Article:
Insured entitled to Accident Benefits after 21 month delay to apply.

January 18, 2014, Kitchener, Ontario

Posted by: Robert Deutschmann, Personal Injury Lawyer



Heard Before: Arbitrator Knox M. Henry

Date of Decision: November 25, 2013




Angelo Consales was injured when he was rear ended in a motor vehicle accident on September 14, 2007.  He reported the accident to his insurer, Kingsway now operating as Jevco Insurance.  However, he did not apply to Jevco within 30 days of the accident, to receive statutory accident benefits that would have been payable under the Schedule. Mr. Consales Filed his Application for Accident Benefits OCF-1 on June 6, 2009. Jevco denied the claim on the basis Mr. Consales failed to apply for SABs within 20 days of the accident as required in the Schedule.


The Issues in this Preliminary Hearing are:


  1. Did Mr. Consales’ Application for Accident Benefits fail to comply with the time limit set out in section 32 of the Schedule?
  2. If so, did Mr. Consales have a reasonable explanation pursuant to section 31 of the Schedule?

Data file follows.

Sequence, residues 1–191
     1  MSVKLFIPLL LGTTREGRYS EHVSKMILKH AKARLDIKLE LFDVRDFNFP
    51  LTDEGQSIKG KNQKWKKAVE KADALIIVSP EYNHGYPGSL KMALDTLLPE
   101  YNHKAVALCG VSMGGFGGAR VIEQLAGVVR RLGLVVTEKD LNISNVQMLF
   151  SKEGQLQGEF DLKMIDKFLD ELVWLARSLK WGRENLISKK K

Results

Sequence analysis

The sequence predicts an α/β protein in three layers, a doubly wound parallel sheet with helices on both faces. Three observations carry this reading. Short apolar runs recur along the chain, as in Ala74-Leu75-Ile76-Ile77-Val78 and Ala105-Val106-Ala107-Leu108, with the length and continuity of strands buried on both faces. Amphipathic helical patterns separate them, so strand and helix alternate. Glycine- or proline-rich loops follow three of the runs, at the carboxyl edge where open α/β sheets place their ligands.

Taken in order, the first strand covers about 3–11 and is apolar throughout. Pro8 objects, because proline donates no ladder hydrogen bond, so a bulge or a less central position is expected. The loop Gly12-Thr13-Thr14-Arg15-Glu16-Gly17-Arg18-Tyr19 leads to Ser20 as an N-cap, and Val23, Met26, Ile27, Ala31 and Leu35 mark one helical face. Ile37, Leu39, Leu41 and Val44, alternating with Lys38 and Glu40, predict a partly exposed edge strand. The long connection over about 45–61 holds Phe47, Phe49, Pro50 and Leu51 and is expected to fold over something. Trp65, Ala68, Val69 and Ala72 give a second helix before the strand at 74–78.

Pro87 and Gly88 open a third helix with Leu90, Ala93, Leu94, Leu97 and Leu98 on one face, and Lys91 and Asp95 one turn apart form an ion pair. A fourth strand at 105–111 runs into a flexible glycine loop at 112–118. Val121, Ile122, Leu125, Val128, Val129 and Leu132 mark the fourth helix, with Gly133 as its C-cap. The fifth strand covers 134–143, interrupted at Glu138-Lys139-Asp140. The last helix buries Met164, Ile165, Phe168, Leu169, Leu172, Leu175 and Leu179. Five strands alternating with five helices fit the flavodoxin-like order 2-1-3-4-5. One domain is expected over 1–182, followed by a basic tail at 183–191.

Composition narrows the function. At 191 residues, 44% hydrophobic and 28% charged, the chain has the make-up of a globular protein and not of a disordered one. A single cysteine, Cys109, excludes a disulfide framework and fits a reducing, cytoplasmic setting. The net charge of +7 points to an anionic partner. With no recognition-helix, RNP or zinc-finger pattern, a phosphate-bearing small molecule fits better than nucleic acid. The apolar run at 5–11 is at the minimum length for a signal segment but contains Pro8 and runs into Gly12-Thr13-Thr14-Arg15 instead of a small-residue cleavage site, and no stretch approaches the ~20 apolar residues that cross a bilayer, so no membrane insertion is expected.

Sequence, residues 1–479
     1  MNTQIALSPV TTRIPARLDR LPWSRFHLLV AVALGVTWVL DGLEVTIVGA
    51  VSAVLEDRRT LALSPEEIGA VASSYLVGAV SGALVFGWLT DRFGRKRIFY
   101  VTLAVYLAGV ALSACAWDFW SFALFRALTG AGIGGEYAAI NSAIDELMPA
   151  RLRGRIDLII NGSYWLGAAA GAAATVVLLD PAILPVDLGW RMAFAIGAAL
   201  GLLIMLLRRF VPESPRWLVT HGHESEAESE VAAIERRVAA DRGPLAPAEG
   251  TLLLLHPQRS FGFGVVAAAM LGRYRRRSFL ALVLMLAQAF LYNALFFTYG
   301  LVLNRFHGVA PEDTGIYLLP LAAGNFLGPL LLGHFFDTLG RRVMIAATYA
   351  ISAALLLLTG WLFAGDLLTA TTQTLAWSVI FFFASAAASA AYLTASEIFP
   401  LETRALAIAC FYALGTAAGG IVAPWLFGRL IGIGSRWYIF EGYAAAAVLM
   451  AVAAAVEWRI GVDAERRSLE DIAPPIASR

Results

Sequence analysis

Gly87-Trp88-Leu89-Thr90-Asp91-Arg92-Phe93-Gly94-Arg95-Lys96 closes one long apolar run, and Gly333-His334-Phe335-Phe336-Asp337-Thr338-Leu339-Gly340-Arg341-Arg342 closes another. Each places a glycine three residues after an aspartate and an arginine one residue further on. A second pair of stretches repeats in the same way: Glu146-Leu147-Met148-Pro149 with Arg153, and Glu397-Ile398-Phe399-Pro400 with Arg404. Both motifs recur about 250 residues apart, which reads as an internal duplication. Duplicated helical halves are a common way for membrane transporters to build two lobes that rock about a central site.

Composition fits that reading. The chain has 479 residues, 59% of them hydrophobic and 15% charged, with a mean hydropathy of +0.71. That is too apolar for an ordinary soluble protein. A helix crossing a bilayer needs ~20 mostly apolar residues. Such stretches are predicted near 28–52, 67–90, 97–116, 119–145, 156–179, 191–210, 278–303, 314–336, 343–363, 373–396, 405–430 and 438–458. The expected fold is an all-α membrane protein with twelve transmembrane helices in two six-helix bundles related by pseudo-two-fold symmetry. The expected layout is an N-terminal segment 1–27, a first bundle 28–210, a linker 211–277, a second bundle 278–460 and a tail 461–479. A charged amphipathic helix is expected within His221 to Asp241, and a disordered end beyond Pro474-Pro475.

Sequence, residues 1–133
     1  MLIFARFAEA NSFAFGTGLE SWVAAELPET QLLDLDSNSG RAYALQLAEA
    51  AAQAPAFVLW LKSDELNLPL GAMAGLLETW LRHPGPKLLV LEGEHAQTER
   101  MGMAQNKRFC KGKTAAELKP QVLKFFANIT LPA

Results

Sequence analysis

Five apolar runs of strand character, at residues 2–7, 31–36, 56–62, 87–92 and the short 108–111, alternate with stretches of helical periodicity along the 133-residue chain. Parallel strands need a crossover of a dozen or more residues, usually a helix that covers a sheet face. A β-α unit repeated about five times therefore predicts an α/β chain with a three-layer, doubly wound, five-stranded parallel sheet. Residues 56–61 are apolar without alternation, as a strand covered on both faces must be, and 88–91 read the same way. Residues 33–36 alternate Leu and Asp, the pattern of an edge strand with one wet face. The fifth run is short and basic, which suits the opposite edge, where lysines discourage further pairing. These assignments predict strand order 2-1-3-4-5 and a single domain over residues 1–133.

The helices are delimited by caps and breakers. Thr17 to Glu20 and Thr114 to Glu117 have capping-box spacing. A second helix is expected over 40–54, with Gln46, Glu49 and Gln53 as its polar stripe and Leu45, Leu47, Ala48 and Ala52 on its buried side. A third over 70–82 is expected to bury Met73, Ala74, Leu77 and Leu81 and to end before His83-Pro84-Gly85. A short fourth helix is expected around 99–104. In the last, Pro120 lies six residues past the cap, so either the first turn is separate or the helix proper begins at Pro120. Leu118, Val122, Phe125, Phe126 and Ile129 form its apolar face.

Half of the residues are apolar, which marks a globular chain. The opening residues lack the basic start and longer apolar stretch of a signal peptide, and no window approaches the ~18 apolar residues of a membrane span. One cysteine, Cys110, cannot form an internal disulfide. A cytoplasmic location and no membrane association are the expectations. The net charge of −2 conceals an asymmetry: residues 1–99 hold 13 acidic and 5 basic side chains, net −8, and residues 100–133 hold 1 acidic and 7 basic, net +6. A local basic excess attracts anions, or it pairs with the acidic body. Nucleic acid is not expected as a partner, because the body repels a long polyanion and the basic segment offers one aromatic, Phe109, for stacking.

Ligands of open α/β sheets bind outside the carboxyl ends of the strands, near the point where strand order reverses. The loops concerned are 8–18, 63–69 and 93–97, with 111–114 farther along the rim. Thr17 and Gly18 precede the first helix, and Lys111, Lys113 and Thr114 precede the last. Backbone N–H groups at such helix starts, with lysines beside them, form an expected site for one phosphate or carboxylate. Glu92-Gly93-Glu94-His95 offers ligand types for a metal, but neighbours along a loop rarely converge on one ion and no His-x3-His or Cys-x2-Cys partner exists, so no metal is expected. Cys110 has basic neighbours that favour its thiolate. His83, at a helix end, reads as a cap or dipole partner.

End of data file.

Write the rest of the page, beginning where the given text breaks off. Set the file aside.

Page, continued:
1. Mr. Consales is not precluded from proceeding to arbitration because he failed to file his Application for Accident Benefits within the prescribed time limit, pursuant to section 32 of the Schedule.
  2. His explanation meets the test to be considered reasonable pursuant to subsection 31.(1) of the Schedule.


As a result, the pre-hearing discussion will reconvene to establish the process for the arbitration.




The parties do not dispute these facts. Mr. Consales was injured in the car accident and advised his insurer. Jevco sent a letter to Mr. Consales enclosing an Accident Benefits Package and OCG-1 Form advising him that he would have to return the application by October 18, 2007. Mr. Consales was visited by an adjuster in his home on September 18, 2007. She took his statement and left an Accident Benefits Package with him. By letter dated June 6, 2008, Mr. Consales advised Jevco that he would not be making a claim under the Schedule.      


Cariati Law, on behalf of the Applicant, filed an Application for Accident Benefits (OCF-1) dated June 5, 2009.[6]  This Application was received by Jevco on June 10, 2009. Jevco advised Mr. Consales that it was denying payment of any benefits under the Schedule.


At the time of the accident Mr. Consales -- a 20-year employee of the Ontario Ministry of Labour -- was an Occupational Health and Safety Inspector.  Mr. Consales stated that after the accident, he advised his automobile insurer (Jevco) of the accident but that he did not file an Application for Accident Benefits form with Jevco as he fully expected to soon return to his employment at the Ministry of Labour.  It never crossed his mind he would not be returning to work. He also stated that, as an employee of the MoL, he was eligible for, and elected to receive benefits from the Ontario Workplace Safety and Insurance Board (“WSIB”).